There’s a great editorial by author Adam Grant in this week’s New York Times that’s ostensibly about fostering revolutionary creativity in children. It’s one of those perfect storm type pieces that combines data and anecdote to build momentum and drive the reader to a seemingly inevitable conclusion, then casually opens the door to considering the implications of the research in adjacent fields. I found it super interesting as both a parent trying to do right by my kids and as a professional trying to build creative environments for myself and others. For example:
”When the psychologist Benjamin Bloom led a study of the early roots of world-class musicians, artists, athletes and scientists, he learned that their parents didn’t dream of raising superstar kids. They weren’t drill sergeants or slave drivers. They responded to the intrinsic motivation of their children. When their children showed interest and enthusiasm in a skill, the parents supported them.”
”Evidence shows that creative contributions depend on the breadth, not just depth, of our knowledge and experience. In fashion, the most original collections come from directors who spend the most time working abroad. In science, winning a Nobel Prize is less about being a single-minded genius and more about being interested in many things.”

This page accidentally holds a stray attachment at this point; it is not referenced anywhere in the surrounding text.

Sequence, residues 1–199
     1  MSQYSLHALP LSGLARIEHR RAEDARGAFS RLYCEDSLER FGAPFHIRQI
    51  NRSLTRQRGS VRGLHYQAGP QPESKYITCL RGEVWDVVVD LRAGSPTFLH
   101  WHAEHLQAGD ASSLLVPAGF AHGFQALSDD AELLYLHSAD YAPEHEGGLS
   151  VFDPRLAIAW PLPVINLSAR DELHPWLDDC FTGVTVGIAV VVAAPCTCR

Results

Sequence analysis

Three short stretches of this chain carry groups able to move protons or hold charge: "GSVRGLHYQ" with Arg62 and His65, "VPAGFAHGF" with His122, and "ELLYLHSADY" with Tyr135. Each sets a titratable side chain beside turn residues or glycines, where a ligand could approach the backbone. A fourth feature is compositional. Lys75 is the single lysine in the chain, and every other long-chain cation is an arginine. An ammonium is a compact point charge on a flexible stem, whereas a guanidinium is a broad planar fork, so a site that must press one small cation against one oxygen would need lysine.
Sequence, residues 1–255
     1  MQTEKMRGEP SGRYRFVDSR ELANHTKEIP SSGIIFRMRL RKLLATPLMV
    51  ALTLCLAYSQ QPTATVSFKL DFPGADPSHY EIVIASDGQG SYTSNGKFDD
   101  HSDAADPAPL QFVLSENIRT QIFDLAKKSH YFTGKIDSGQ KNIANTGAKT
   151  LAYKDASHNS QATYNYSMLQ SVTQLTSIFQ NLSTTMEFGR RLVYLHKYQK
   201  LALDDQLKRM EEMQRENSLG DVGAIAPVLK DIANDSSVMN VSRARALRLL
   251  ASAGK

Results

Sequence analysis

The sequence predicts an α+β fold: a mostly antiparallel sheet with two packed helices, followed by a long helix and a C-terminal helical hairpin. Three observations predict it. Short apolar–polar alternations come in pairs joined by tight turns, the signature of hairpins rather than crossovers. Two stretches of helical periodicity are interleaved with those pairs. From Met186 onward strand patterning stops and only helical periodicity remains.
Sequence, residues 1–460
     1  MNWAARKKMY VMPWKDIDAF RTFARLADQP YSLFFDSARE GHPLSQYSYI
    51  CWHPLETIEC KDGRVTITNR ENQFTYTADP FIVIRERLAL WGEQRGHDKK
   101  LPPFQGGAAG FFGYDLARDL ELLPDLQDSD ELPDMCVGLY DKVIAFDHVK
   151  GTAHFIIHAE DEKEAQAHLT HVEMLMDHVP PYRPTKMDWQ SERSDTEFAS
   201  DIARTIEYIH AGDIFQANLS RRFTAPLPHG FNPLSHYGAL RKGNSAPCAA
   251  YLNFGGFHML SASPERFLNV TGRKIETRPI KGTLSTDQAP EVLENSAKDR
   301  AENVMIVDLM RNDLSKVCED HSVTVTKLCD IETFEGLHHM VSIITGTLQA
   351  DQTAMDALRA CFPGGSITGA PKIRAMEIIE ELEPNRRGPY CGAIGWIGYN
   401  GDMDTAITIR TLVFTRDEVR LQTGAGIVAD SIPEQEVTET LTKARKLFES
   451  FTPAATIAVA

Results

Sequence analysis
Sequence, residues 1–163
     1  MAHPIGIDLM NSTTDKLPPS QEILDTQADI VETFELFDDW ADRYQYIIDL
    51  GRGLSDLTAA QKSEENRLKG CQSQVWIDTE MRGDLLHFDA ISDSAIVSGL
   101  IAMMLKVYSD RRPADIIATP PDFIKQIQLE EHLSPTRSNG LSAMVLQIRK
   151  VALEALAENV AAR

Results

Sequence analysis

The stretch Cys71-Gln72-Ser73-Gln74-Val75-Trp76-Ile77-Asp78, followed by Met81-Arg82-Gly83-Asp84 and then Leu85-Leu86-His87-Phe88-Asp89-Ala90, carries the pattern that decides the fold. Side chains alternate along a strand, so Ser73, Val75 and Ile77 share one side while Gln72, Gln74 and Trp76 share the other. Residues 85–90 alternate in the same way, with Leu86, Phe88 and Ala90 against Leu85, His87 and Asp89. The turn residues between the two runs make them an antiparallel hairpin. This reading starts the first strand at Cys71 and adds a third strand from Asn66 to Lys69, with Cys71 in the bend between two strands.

Strip the parenting language and those concepts can be just as easily applied in a management context, which makes sense when you consider that Adam Grant is a professor at Wharton. And let me tell you: there’s no feeling in the world like having a NYT bestselling author and top-rated professor at Wharton write an op-ed that confirms some hunches you’ve long had on both a personal and professional level about going where your natural interests lead and the value of cultivating a diverse set of inputs and experiences. I mean, maybe the only thing better than that would be if the same person also wrote a piece extolling the virtues of procrastination. In case you’re wondering, yes, I instantly bought his new book.
If you’re the type of person who likes to have discussions, I’d be thrilled for you to read Grant’s op-ed and strike up a conversation with me. This piece really resonated with me – I hope it does for you as well. And if you’re the type of person who maybe just needs a little permission to embrace diverse interests, well, consider it granted.